The End of Memoir II: Allison Benedikt and Life before Thinking

by A. Jay Adler on June 28, 2011
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(Yesterday: The End of Memoir, part I)

Though he did it not well, Jose Antonio Vargas, in “My Life as an Undocumented Immigrant,” had a compelling reason to write. He is not merely affected by illegal immigration: he is, individually, a story of illegal immigration. He has lived the subterfuge, the fiction, and the uncertain future and present of being an illegal immigrant every day since childhood – and he lives it at a status in life that might be surprising to many. Along with his homosexuality, the recesses of his illegal life were a second closet out of which he longed to walk. He wanted to be liberated from fear and falseness. He thought that telling his story might play some small role in altering the reality of illegal immigrant life in the country. This is all very easy to get.

But why did Allison Benedikt write “Life After Zionist Summer Camp”? Peter Beinart, with whom, as Jeffrey Goldberg put it, “I don’t agree with … so often anymore,” but seemingly, these days, a right sympathetic audience for Benedikt, wrote in a tweet,

I found this uncompelling. It’s insular….

Uncompelling is the word. A writer, outside of a journal, and particularly on public issues, needs a compelling reason to write, compelling not simply for her – as she, the writer, is inwardly compelled to write – but compelling to others. How compel? In that the likeminded may agree and feel, so, confirmed and self-satisfied? Well, there is that. Truly compelling, however, means, perhaps, that you have some outstanding first-person account, or some expertise on the subject, or that you have, actually, something – original, remarkable, dramatic, unique, insightful – to say on the subject.

No doubt, Benedikt felt some of these attributes applied to her, at least for her. To others, I think, not so much. Insight? In reply to Jeffrey Goldberg – the primary, incendiary respondent to Benedikt – Benedikt wrote,

I wrote the piece to record what I experienced, not to analyze it, and definitely not to talk policy or really even politics. It’s a personal essay about growing up in a bubble, not questioning because you don’t even realize there is anything to question, and then slowly coming into contact with a wider world, and range of opinions, until you must face that you’ve been fed–and accepted–an incomplete or even false narrative about an issue that is more than just an issue but also a huge part of your identity. If I come off as naive (or, as “faux-naive”), it’s because I was trying to convey that I WAS naive. If I come off as conformist, well, there again, I was–and to think that’s anything but the norm for a kid growing up is to not be honest about adolescence. [Emphasis added]

Mind you, this is Benedikt’s defense of herself. Confirming what I observed yesterday, Benedikt was so self-absorbed – “insular” was Beinart’s term – that she believed no analysis of her experience was necessary to make it a worthwhile read for others. Her experiences (“what I experienced”) are so innately interesting to other people, so compelling a representation of reality and inherent a commentary on life, simply in the record of them, that no thought about them, at least on her part, is required. When Yaacov Lozowick challenged her in a tweet about alterations she makes to the hagada during Passover dinner –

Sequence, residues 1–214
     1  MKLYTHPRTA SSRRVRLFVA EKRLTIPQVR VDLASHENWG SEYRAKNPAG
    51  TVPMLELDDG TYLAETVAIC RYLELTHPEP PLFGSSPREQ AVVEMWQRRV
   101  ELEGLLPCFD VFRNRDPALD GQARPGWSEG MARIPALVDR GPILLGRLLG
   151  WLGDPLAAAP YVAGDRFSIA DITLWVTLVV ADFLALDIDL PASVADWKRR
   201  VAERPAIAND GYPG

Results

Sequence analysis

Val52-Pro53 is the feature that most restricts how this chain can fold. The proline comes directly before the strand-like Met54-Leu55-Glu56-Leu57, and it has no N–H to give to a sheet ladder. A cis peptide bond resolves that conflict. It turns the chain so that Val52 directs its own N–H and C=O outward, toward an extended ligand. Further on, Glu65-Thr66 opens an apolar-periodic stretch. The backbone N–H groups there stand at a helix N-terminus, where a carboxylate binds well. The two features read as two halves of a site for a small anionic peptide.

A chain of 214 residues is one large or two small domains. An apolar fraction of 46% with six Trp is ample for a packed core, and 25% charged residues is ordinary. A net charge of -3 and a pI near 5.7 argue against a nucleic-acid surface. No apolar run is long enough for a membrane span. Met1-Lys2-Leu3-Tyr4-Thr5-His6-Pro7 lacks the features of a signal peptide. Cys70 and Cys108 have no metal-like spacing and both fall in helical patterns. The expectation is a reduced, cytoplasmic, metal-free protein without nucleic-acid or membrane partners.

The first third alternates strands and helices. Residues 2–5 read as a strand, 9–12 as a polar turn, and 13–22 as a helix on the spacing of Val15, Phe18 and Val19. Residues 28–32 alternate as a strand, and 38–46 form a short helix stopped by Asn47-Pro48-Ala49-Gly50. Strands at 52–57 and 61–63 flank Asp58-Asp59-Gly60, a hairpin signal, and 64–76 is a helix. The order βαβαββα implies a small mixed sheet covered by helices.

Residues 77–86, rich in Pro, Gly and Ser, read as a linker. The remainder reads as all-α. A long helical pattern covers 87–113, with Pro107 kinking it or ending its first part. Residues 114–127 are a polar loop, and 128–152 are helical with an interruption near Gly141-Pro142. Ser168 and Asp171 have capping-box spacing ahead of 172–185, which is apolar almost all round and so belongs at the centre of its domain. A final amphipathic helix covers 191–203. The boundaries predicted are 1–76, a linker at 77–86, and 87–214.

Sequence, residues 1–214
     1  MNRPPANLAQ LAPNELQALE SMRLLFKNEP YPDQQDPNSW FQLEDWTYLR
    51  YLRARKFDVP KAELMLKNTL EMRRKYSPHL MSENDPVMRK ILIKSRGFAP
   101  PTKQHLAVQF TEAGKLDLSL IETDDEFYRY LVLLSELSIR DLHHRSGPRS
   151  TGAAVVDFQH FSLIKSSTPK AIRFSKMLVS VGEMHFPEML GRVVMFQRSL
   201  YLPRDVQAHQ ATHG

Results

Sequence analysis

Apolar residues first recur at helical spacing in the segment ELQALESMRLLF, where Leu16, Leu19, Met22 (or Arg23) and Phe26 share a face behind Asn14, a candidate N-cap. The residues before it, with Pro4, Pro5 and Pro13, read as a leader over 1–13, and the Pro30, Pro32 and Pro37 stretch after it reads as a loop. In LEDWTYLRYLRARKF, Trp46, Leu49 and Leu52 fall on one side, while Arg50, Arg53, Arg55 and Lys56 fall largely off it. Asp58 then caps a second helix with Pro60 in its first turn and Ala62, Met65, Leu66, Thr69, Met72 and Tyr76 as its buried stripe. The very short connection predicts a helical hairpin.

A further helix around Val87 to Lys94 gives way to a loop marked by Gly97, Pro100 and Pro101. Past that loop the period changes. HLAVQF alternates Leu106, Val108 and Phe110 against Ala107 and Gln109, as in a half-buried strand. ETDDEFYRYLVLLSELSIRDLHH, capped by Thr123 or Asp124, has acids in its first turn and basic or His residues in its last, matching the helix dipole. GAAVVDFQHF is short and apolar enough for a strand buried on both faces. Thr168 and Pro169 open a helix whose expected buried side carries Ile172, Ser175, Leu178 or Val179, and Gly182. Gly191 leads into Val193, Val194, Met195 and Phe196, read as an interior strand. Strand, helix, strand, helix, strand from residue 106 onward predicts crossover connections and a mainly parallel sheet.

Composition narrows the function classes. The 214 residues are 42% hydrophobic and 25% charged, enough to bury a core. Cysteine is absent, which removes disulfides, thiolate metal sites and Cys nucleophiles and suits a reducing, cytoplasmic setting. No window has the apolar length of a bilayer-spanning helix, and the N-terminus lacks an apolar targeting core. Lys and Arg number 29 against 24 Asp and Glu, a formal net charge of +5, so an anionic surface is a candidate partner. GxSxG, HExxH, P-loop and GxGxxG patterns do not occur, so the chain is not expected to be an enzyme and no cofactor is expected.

you make up your own hagada? who in the world do you think you are?

– Benedikt’s response was

I am Jewish, you mother fucker. And I’m not unique

Indeed, she’s not unique – she meant in her Jewish discomfort with Israel and aspects of Jewish religious tradition, but neither is she unique in her Jewishness. There are about 13 million Jews in the world. What reason did she offer for why anyone should take time for her account of her Jewish life and her relation to Israel – a mere unconsidered record of her experiences – over the time no one could devote to the other 12 million plus? Because she had the chutzpah to presume that  her not very extraordinary experiences – when her intent, she says, was not to consider policy or politics (“I wrote the piece definitely not to talk policy or really even politics”) – were an inherently meaningful commentary on an inherently political subject, inseparable from issues of policy?

In truth, so dishonest is Benedikt’s essay that it is not what it pretends to be and not at all what she claims it to be, neither a mere record of experience nor non-political. It is not written in some neutral, observant voice aspiring to Flaubertian objectivity. And it is not unconcerned with politics. Even as the essay fails to consider politics in any open, intellectual, or honest way, even as it pretends to be just one Jewish woman’s sad and disgusted record of her alienation from Jewish nationalism, the essay is manifestly, manipulatively political right from its lead-in photo. The essay is offered as a kind of public Jewish coming out: this is my experience as a Jew. How best, then, to head that statement of Jewish experience – from all the images of Jewishness and Israel that might be chosen to begin – than with a photo of Israeli soldiers on the ground in their fatigues taking target practice. This is Israel.